6. Incentives

The first transaction in each new block is the mining reward. This is the incentive that goes to the winning miner in their efforts to support the network. Its function is also to fairly distribute the coins in circulation, via this PoW competition. The steady addition of new coins is analogous to gold mining—hence the term Bitcoin mining 🤯!

Another incentive to mine honestly is to capture the transaction fees.

When all the coins have been mined by the year 2140, the mining network can transition to profit entirely from transaction fees without the need for a block subsidy.

Basically the rewards structure is such as an attacker will find more profitable to play by the rule.

⚠️ There will be only 21 million bitcoins. That is defined in the code.

⚠️ The last coin may never be mined.

7. Reclaiming Disk Space and 8. Simplified Payment Verification

Satoshi was aware that the blockchain could have grown in space. To solve this problem the transactions are organized into a data structure called Merkle Tree. The tree can be used to verify transactions and can be pruned to save space.

Simplified Payment Verification nodes, or SPV nodes, keep a pruned version of the blockchain, making the node lighter.

⚠️ SPV nodes are not considered secure. A new better solution called Neutrino is in the work.

9. Combining and Splitting Value

A common misconception is that Bitcoin’s transaction system is based on accounts and balances. It uses a transaction system called the UTXO model.

Each transaction contains multiple inputs and outputs.

Normally each transaction has one input and at most two outputs, one for the receiver and one for the sender to take the rest. Think of paying $7 with a $10 bill, we’ll get back $3 in form of changes. Input and output must be the same amount to be a valid transaction.

10. Privacy

In the traditional privacy model, the central authority knows the identities and transactions. In the Bitcoin privacy model, transactions are public and identities are private.

Bitcoin privacy is the one in green

However, if the owner of a key is revealed, linking UTXOs can reveal all the transactions from that identity (Bitcoin address).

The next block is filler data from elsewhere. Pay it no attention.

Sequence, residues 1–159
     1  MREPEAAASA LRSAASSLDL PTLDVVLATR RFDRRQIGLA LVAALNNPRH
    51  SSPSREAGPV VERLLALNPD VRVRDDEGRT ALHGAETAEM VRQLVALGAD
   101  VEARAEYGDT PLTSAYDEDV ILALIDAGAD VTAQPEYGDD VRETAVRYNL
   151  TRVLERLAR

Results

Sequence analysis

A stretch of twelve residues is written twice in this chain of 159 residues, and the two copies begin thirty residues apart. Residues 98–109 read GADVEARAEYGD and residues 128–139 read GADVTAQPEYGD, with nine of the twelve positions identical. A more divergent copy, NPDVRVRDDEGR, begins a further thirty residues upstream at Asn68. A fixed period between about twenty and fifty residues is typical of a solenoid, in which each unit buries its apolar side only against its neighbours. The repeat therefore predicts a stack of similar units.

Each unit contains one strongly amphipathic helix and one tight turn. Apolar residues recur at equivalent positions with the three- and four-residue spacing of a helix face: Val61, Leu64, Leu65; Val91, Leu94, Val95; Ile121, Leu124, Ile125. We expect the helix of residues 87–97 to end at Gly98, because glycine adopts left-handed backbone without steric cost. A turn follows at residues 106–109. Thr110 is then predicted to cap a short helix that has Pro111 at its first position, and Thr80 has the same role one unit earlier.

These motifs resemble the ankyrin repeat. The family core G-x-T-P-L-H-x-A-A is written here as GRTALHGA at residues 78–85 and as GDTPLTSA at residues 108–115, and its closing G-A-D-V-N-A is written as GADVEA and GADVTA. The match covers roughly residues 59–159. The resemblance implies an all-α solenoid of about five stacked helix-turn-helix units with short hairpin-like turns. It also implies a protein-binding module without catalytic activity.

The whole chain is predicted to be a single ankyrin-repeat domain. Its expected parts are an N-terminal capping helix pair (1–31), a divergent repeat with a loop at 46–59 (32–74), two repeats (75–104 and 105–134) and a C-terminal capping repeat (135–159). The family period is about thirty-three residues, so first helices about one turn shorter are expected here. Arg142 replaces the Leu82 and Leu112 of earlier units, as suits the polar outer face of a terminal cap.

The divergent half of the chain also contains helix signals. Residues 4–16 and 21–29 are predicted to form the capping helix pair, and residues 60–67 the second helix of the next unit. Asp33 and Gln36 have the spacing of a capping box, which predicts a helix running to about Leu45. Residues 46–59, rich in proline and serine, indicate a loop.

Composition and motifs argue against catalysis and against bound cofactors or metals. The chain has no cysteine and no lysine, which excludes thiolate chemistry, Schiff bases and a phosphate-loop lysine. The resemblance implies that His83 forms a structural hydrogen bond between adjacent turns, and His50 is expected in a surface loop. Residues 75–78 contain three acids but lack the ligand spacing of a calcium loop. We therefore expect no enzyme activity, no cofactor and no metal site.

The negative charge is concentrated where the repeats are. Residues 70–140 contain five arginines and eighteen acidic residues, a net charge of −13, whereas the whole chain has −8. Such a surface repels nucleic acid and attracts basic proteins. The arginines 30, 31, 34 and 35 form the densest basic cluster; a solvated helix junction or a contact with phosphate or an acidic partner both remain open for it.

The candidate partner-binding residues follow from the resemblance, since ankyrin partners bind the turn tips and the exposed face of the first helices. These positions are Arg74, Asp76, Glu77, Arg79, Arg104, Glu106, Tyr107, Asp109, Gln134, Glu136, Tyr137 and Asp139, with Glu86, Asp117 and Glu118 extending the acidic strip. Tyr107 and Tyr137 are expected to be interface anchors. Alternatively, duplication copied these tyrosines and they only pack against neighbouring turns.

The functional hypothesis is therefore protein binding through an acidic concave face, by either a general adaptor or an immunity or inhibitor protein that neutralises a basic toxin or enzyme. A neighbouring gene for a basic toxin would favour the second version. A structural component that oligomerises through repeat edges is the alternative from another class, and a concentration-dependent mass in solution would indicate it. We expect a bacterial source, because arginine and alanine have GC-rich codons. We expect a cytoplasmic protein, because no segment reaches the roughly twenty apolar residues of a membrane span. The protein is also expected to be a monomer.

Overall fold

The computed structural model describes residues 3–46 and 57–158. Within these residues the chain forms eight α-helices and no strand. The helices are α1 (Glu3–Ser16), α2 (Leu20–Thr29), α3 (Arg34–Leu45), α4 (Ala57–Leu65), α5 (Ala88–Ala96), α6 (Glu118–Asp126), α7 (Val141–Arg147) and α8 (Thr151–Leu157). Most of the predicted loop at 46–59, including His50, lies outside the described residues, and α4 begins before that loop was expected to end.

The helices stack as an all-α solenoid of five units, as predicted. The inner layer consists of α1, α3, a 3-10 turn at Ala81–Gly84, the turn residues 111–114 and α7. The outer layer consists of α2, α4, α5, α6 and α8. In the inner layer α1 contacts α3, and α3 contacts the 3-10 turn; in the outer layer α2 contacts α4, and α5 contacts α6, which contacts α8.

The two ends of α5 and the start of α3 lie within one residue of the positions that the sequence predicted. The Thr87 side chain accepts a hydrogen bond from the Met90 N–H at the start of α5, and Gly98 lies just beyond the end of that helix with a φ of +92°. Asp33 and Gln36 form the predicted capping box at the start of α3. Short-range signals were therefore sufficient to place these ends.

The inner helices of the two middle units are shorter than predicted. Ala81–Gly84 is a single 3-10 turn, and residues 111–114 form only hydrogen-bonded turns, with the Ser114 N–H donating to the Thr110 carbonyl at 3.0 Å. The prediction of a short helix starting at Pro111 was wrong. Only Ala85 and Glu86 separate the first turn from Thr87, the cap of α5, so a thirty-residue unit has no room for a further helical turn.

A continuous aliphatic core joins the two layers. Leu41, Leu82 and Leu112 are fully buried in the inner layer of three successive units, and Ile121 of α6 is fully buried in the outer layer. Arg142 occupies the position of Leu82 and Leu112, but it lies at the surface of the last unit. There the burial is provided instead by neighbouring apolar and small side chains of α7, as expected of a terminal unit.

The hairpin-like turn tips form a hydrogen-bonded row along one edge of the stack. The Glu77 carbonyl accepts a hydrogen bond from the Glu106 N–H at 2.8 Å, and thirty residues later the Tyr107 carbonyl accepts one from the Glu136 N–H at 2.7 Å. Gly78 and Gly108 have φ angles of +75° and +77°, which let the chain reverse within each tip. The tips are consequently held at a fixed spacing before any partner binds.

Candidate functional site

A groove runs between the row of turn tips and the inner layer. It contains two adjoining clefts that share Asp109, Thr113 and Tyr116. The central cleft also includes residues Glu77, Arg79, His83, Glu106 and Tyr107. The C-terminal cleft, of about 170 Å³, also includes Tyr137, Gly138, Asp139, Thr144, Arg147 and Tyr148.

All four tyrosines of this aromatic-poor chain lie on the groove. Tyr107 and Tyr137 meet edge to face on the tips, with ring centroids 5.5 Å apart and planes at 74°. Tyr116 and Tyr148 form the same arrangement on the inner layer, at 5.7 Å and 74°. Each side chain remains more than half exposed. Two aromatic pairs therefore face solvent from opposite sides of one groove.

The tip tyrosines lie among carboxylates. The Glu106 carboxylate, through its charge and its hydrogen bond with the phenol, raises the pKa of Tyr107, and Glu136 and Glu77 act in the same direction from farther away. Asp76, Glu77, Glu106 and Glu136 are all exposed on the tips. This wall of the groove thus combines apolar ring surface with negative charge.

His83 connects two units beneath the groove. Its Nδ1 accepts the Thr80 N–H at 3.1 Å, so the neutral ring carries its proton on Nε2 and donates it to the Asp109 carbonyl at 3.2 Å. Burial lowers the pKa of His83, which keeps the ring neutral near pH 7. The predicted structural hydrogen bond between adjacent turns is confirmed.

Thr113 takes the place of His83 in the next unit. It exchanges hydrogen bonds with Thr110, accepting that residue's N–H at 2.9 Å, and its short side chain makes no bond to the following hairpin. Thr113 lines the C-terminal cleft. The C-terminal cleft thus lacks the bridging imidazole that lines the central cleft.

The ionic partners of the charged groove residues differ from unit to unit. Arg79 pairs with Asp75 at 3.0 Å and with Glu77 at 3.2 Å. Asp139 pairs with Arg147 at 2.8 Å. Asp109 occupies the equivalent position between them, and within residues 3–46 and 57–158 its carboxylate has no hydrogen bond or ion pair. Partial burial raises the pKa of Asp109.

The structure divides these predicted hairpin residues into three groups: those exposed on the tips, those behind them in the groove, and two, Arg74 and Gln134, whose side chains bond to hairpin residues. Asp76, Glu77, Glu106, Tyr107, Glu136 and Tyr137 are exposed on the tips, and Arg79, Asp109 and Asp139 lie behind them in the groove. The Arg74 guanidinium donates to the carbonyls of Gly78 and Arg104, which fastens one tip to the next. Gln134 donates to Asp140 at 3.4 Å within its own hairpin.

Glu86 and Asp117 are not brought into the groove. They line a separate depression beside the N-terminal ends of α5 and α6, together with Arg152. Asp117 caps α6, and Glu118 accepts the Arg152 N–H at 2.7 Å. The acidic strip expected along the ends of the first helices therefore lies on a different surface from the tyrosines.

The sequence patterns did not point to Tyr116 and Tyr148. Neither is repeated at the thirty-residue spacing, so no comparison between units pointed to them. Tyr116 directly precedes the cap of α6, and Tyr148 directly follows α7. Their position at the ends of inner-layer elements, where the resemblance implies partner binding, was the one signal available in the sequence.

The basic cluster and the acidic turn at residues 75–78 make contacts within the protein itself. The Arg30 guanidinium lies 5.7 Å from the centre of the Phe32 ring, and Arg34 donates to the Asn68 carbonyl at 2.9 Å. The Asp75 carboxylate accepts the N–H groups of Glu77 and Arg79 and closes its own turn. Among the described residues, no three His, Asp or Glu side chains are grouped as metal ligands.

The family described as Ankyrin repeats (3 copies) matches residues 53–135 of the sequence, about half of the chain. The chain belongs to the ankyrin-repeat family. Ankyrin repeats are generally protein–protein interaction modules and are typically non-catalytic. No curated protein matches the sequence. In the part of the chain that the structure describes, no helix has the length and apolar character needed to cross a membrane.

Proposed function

⚠️ Today is possible to make it much harder to follow the bread crumbs 🥖🍞 by using coinjoins, lightning network, hierarchical deterministic wallets.


An attacker can’t create new coins or invalid transactions, he can only reverse one of his transactions to take back the coins he recently spent. The probability an attacker finds the next block decreases as the number of blocks added to the chain increased. This section has a lot of math and statistics. Go read it if you’re into it, it’s quite fascinating.

⚠️The paper only noted the 51% attack, many new attacks on the system have been found since.



In conclusion, Satoshi proposed a cryptocurrency network. Amazing!

The system’s rules are enforced by its PoW consensus mechanism, and economic incentives help ensure that honest mining is more rewarding than malicious mining.


Ther reference section is also golden. It refers to, B-money, an early precursor of Bitcoin by Wei Dai. Haber and Stornetta paper on timestamping digital documents. Adam Back with Hashshcash. RC Merkle for the Merkle trees.

Curiously Bitgold by Nick Zsabo is not referenced here.

I hope you enjoy reading 🐰!



Thanks to J and to Alex Min for reviewing and suggesting changes.

Alice wakes up from the Rabbit Hole

Bitcoin White Paper — Down Into the Rabbit Hole was originally published in Coinmonks on Medium, where people are continuing the conversation by highlighting and responding to this story.